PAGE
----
In Beijing, Mr Trump revelled in the pomp of a full-court state visit, and heaped praise on his host. He did nothing to contest Mr Xi’s assertion of Chinese leadership in East Asia, made no mention of key issues in their strategic rivalry like the South China Sea, and left a clear impression that he was willing to accept China’s view of their respective roles in Asia.

Then, at the Asia-Pacific Economic Cooperation summit in Danang, Mr Trump passed up the chance to explain and promote a new American vision of Asia’s future as an alternative to China’s – a future as a “free and open Indo-Pacific”. He barely touched on these themes in his big set-piece speech. Instead he talked trade, and in the worst possible way.


He brusquely repudiated the commitment to free trade which had done so much to underpin US leadership, regional integration and economic development in Asia in recent decades. He declared a push for managed trade arrangements aimed at eliminating the bilateral trade imbalances which he sees, in defiance of economic logic, as the source of America’s economic problems.

By doing this, he left it to Mr Xi to project China as the champion of free trade and regional economic integration. Mr Xi’s pitch was lent credibility and substance by his Belt and Road Initiative (BRI) which this year has moved to the centre of China’s version of global engagement and regional leadership. The huge BRI summit hosted in Beijing this year was arguably the most significant international meeting of the year. While much remains unclear about what the BRI will ever deliver, it has at least provided a positive vision of what China purports to offer.

From Washington, by contrast, Asian countries heard little that was positive, or even coherent, about how the new administration sees its future role in Asia. This month’s new US National Security Strategy was so internally contradictory that it has only deepened the confusion about where America is heading under Mr Trump. But amid the contradictions, there was a clear underlying message.

On the one hand, the new National Security Strategy has at last, and for the first time, acknowledged in stark terms what we in Asia have known for years – that China is plainly determined to take over from America as East Asia’s primary power. On the other hand, the document offered no compelling argument that America’s interests required it to resist China’s challenge, and no coherent idea of how it could do so.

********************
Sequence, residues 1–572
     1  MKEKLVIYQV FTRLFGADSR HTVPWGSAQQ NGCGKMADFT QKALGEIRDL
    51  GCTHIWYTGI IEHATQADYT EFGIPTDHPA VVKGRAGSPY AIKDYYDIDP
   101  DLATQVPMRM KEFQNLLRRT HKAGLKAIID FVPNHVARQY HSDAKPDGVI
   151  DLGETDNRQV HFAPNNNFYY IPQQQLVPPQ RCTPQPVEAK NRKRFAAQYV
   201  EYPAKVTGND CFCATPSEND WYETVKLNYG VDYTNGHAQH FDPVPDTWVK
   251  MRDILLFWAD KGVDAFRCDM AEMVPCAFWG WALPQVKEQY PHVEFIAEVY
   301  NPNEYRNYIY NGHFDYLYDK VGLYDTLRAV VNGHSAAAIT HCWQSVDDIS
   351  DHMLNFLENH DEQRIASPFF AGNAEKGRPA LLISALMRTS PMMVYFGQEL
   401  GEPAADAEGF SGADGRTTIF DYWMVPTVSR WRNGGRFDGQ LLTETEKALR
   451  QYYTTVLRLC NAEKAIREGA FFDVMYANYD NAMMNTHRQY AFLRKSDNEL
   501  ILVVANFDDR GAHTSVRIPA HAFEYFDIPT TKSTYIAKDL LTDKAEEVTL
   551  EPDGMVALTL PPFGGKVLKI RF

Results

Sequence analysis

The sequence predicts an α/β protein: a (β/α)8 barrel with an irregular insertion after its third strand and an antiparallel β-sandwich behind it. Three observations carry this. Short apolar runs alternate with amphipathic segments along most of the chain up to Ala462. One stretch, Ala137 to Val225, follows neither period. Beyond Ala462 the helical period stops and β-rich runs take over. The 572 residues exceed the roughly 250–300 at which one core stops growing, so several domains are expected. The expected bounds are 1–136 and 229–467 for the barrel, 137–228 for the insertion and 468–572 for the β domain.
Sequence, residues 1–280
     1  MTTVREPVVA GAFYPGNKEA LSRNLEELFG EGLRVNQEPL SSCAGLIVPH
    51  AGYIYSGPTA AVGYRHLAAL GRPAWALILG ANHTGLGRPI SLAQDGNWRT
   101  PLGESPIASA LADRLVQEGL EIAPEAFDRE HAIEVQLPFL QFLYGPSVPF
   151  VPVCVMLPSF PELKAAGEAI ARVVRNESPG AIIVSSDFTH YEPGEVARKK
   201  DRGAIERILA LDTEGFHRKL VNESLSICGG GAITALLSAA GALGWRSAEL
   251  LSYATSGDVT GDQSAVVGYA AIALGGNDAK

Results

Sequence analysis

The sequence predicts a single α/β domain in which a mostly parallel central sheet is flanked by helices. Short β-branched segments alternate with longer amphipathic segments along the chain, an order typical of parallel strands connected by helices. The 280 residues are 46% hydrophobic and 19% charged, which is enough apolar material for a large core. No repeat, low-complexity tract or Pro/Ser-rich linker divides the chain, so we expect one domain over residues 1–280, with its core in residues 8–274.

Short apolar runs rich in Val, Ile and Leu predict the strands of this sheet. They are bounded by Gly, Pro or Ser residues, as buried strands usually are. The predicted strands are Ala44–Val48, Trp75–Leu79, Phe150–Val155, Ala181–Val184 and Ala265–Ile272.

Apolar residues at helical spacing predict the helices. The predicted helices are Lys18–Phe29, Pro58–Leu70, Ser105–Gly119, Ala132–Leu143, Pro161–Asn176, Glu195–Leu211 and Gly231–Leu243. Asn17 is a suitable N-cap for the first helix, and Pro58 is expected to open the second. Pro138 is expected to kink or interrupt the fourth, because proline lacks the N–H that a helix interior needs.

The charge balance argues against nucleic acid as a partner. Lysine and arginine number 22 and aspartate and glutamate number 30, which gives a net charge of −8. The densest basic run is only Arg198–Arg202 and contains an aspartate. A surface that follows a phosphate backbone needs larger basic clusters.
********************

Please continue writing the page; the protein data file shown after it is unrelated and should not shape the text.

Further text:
In fact the main theme of the new strategy points the other way. The “America First” slogan reflects a determination that America should commit itself only where the most direct and vital US interests are engaged. Having abandoned the post-Cold War vision of a harmonious US-led global order, there is no overarching case that America’s interests require it to dominate every region of the world – including in Asia. As long as America can trade in Asia, and faces no direct threats from the region to its own security at home, then Washington will step back and let Asia look after itself.

We can see this shift at work in the new administration’s focus on North Korea’s long-range missile programme, which has dominated its diplomacy in Asia this year. Much of Asia has been threatened for years by Pyongyang’s shorter-range missiles, but Mr Trump is worried only by the threat that the new missiles could pose to America itself. To avoid that, he is willing to threaten, and maybe even fight, a devastating war in Asia.

Most likely, however, he will end up deciding that America’s massive nuclear deterrent makes it safe enough from North Korea’s missiles, and US allies in Asia will be left to deal with Pyongyang’s threats by themselves.

So for Asia, the lesson of 2017 is simple: America no longer sees itself having interests in Asia great enough to justify the immense costs and risks involved in resisting China’s drive to replace it as the leading regional power. That means that, especially in East Asia and the Western Pacific, we face the prospect of living under China’s shadow. Indeed we already are. And 2017 has given us a sobering foretaste of what that will mean, as China has more overtly used its weight – economic, diplomatic and strategic – to promote its interests and impose its wishes on its neighbours. South Korea has felt this over the deployment of a US missile defence system that China deems to be a threat to its security. In Australia, there has been an upswing of anxiety about China’s efforts to influence domestic politics and public debate, and plain expressions of displeasure from Beijing as a result.

Perhaps we should not be surprised by all this. After all, China is just doing what great powers have always done, using their weight and influence to impose costs on those that displease them.

But for all of us in Asia, we are going to have to rethink our approach to foreign policy to address this new reality. That will not be easy. New thinking will be needed.

  • The writer is professor of strategic studies at the Australian National University in Canberra.

Australia warship makes huge Arabian Sea hashish seizure

December 30, 2017


© AUSTRALIAN DEPARTMENT OF DEFENCE/AFP | Australian officials described the seizure as a big setback for drug traffickers